How Louisiana students fared on Common Core tests will be compared with results in 10 other states under a plan approved Tuesday by the state Board of Elementary and Secondary Education.

The key vote, while technically a committee tally, was 7-4 and followed more than three hours of discussion.

Later in the day, the full board approved the plan without discussion.

State Superintendent of Education John White and other backers said setting achievement levels like the other states, plus the District of Columbia, is crucial to boosting student achievement and maximizing the value of Common Core.

“Our job is not to graduate students,” said Jeanne Burns, associate commissioner of Teacher and Leadership Initiatives for the state Board of Regents.

“Our job is to graduate students who can compete with other students across the country,” Burns said.

Opponents of the plan questioned the validity of the exams and asked for a delay in establishing achievement levels.

BESE member Lottie Beebe said putting off the decision would allow committees reviewing the standards time to study how students did on the assessments.

Beebe’s bid to delay failed.

White said the first comparisons with other states will happen when BESE meets in December, and Louisiana is expected to rank low.

Common Core represents revamped academic benchmarks in reading, writing and math.

About 320,000 students in grades three through eight took the initial exams in March and May, and the first results were released on Monday.

At issue on Tuesday was whether the state would adopt identical achievement levels — called cut scores — as the other states and D.C., so that student achievement can be compared state to state.

Results fall into five sections, which Louisiana calls advanced, mastery, basic, approaching basic and unsatisfactory.

Scores range from 650 to 850.

Under the plan, a third-grader would have to score 790 to 850 to be rated advanced in math; a seventh-grader would have to score 750 to 784 to earn the mastery label in English/language arts and an eighth-grader would have to score 801 to 850 to be categorized as advanced in math.

Backers included the Council for a Better Louisiana; Louisiana Association of Business and Industry; Baton Rouge Area Chamber; Higher Education Commissioner Joseph Rallo and University of Louisiana at Lafayette President Joseph Savoie.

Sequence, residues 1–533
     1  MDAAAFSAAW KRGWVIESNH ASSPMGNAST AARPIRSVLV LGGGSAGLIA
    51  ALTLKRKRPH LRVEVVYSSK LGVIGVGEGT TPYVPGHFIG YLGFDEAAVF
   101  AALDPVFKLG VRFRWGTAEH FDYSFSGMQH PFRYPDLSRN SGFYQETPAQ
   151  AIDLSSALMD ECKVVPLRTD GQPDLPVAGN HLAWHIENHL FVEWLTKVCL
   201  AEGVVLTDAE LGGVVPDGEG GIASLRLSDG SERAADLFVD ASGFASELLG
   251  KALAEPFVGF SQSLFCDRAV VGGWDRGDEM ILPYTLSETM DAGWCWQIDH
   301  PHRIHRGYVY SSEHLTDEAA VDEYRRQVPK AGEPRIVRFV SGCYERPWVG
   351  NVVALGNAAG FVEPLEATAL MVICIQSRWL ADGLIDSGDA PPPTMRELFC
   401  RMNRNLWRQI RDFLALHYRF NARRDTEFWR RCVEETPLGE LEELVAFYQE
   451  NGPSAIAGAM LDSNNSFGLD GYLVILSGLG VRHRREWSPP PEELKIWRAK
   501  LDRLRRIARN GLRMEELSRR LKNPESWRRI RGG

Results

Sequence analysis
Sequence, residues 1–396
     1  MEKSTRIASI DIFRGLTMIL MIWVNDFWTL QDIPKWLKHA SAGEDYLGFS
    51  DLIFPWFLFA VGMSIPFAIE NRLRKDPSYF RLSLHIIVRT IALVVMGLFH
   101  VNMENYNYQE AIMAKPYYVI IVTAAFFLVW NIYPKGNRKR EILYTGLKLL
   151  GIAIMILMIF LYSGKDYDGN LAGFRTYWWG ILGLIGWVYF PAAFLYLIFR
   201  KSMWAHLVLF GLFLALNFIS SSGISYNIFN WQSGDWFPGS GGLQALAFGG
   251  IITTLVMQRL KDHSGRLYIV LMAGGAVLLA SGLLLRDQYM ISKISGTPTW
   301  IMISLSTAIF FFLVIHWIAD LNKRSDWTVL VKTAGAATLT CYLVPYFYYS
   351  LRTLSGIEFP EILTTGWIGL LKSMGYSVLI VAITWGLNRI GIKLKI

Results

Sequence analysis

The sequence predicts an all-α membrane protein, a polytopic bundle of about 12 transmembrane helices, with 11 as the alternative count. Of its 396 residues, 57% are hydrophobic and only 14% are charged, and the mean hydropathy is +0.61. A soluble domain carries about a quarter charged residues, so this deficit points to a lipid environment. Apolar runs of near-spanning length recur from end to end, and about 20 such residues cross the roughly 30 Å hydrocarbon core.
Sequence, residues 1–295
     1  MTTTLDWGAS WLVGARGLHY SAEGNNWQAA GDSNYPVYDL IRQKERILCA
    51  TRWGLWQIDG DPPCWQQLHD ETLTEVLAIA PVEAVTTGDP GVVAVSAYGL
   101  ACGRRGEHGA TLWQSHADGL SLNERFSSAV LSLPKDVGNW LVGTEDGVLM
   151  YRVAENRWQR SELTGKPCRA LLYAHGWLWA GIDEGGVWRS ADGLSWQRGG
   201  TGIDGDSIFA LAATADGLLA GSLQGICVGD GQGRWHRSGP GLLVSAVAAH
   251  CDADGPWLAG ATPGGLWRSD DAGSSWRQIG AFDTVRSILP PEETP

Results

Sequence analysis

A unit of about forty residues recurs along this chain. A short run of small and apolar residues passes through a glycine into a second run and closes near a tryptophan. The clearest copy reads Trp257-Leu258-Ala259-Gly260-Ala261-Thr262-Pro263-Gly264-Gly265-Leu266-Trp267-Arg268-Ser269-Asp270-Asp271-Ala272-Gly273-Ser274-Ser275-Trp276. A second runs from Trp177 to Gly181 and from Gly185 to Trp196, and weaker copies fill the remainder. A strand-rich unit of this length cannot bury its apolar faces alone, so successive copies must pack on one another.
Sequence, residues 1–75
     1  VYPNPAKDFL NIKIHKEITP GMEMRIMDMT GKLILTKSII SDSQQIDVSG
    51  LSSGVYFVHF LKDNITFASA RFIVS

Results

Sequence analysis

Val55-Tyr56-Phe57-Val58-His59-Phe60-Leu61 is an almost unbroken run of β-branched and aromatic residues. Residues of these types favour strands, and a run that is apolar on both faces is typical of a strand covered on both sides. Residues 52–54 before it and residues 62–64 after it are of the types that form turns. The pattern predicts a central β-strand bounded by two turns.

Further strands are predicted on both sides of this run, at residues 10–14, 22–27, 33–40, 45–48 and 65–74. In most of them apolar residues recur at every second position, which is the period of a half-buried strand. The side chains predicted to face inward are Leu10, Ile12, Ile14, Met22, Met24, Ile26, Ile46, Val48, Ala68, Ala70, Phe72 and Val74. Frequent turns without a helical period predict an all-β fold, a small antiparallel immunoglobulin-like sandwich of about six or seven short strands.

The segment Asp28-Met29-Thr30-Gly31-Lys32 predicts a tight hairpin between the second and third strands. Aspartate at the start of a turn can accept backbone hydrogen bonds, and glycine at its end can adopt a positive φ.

“We want to know how students in our state compare with other states,” said Stephanie Desselle, who follows education issues for CABL.

Michael DiResto, senior vice-president for economic competitiveness at BRAC, agreed.

“Louisiana’s students in recent years have demonstrated impressive gains,” DiResto said. “They are up for the challenge.”

Critics said questions linger about the tests and issues surrounding them.

BESE member Jane Smith, who lives in Bossier City, said if White’s agency would release half of the exam questions, it would satisfy concerns on whether the questions are aligned with the revamped standards.

Iberville Parish School Superintendent Ed Cancienne said the achievement levels would widen the gap between advantaged and disadvantaged students.

Voting for the plan in committee were Holly Boffy, of Lafayette; Jim Garvey of, Metairie; Jay Guillot, of Ruston; Judith Miranti, of New Orleans; Kira Orange Jones, of New Orleans; Chas Roemer, of Baton Rouge; and Connie Bradford, of Ruston.

Voting “no” were BESE members Jane Smith, of Bossier City; Mary Harris, of Shreveport; Carolyn Hill, of Baton Rouge; and Lottie Beebe, of Breaux Bridge.

White has said for weeks that the vote was crucial, and that state-to-state comparisons would help end Louisiana’s reliance on artificially low achievement levels on standardized tests.

The debate took place one day after the first Common Core test results were announced, with students in grades three through eight scoring well short of the state’s long-range academic goals.

The action means Louisiana students will be in a pool with about five million students.

Other states in the mix are Arkansas, Colorado, Illinois, Maryland, Massachusetts, Mississippi, New Jersey, New Mexico, Ohio, Rhode Island and the District of Columbia.

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